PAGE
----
10. The method of claim 6, wherein the synthetic entry comprises as a placeholder for further data.

11. The method of claim 6, wherein the storing of neighbor switch node comprising either said found layer-2 address or said synthetic entry is performed for each for each identified or created layer-2 address table entry in switch Tt.

12. The method of claim 6, wherein the invalidating of other layer-2 addresses in said switch comprises invalidating all other layer-2 Address table entries in switch Tt whose bridge (switch) port matches the identified bridge port, wherein said invalidated entries comprise layer-2 addresses downstream from the switch-to-switch connections and are not useful for layer-2 connectivity within the network topology.

13. A computer program for forming a topology mapping embodied on a computer-readable medium configured to control a processor to perform: mapping a topology of a network; collecting layer-2 address mapping table from the topology mapping; collecting Spanning Tree Protocol (stp) data; collecting srp tables; identifying switches using layer-2 address tables; and correlating stp data, comprising comparing data in switches, identifying switch ports directly connected to other switch ports, and eliminating direct switch-to-switch port connections from consideration for further layer-2 node mappings.

14. The program of claim 13, wherein the mapping a topology of a network comprises: transferring synthetic data within the network; and tracing the synthetic data.

15. The program of claim 13, wherein the mapping the topology of the network comprises: searching for nodes in a pre-defined number of ip addresses; repeating the search for a predefined number of hops; determining layer-2 and layer-3 connectivity from any discovered nodes; correlating the layer-2 and layer-3 address data; and determining network connectivity of discovered ip addresses.

16. The program of claim 13, wherein the mapping of the topology of the network comprises receiving and storing user preferences comprising the size of the block of ip addresses and the number of hops.

17. The program of claim 13, wherein the correlating of the stp data comprises: wherein the correlating of the stp data comprises: locating entries for a switch in an associated stp table; for the switch, comparing a base bridge address with a designated bridge address; comparing the base bridge address with a neighbor's designated bridge address; finding a layer-2 address corresponding to an address of the neighbors port; when no neighbors port layer-2 address is found, creating a synthetic entry; storing neighbor switch node comprising either said found layer-2 address or said synthetic entry; and invalidating other layer-2 addresses in said switch.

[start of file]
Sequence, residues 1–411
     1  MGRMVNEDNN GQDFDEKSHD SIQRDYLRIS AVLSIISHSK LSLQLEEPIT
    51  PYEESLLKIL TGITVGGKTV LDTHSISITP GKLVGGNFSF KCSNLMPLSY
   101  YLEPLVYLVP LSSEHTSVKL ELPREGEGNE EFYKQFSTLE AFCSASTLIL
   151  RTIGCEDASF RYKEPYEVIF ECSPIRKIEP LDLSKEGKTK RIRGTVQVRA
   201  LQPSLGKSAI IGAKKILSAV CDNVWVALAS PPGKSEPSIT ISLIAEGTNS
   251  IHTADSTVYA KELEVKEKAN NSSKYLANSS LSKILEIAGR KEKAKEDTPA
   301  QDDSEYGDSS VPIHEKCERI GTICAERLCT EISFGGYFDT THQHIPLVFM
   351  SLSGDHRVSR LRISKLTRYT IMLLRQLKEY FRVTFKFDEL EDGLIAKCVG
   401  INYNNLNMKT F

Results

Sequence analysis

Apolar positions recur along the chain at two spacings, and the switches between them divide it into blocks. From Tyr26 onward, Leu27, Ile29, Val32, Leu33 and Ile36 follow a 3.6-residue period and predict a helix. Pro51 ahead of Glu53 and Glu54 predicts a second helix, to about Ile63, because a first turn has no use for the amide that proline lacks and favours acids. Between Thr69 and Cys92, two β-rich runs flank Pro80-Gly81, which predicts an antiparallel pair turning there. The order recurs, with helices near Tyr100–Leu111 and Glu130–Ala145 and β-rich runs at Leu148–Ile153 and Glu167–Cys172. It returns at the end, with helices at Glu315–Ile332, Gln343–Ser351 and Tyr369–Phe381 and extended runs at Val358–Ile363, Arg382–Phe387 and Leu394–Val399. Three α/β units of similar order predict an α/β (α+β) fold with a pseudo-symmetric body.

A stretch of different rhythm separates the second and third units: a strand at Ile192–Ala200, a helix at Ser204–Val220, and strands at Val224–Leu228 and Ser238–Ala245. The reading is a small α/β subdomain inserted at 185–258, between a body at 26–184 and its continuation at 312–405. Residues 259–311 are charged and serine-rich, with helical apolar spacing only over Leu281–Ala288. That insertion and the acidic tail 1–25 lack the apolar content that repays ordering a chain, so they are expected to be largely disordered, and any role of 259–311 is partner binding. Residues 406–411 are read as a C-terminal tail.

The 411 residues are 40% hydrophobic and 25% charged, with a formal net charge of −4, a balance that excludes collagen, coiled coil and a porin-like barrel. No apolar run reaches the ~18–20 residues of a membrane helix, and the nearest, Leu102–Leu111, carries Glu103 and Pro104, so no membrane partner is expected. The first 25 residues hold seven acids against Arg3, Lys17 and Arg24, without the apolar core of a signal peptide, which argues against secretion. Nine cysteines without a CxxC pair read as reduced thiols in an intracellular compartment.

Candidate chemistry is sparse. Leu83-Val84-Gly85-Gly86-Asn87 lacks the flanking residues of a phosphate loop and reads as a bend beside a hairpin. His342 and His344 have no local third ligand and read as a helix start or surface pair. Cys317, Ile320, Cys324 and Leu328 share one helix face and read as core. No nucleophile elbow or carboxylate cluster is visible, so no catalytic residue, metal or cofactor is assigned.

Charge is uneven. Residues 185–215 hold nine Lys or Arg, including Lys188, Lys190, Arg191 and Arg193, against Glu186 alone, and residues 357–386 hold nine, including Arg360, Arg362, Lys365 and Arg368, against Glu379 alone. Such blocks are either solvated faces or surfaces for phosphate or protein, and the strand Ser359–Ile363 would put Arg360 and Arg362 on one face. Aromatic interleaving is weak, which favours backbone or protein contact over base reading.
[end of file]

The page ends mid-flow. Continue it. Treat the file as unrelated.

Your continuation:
18. The program of claim 17, wherein the locating of entries for each switch in an associated STP table comprises identifying each target switch node, Tt.

19. The program of claim 18, wherein the base bridge address comprises dot1dBaseBridgeAddress; wherein the designated bridge address comprises dot1dStpPortDesignatedBridge, wherein a difference in the base bridge address and the designated bridge address indicates that the switch node, Tt, has a neighbor switch node, Tn, communicating with the designated bridge address.

20. The program of claim 19, wherein the comparing of the switch's base bridge address with a neighbor switch's designated bridge address comprises: for each table entry that identifies a neighbor switch node, Tt, comparing each base bridge address the neighbor switch's layer-2 Address table with the designated bridge address in switch Tt; when the designated bridge address and the neighbor's base bridge address match, comparing the designated port (dot1dStpPortDesignatedPort) in the switch Tt entry with the designated port in the switch Tn entry; when the designated port (dot1dStpPortDesignatedPort) in the switch Tt entry corresponds with the designated port in the switch Tn entry, determining a direct connection between the switch Tt and the switch Tn; and identifying switch ports at each end of connection.

21. The program of claim 20, wherein the finding of a layer-2 address corresponding to the address of the neighbors port comprises: for each identified direct switch-to-switch connection, finding the layer-2 address table entry in switch Tt which corresponds bridge port for the neighbor switch.

22. The program of claim 17, wherein the synthetic entry comprises as a placeholder for further data.

23. The program of claim 17, wherein the storing of the neighbor switch node comprising either said found layer-2 address or said synthetic entry is performed for each for each identified or created Layer-2 address table entry in switch Tt.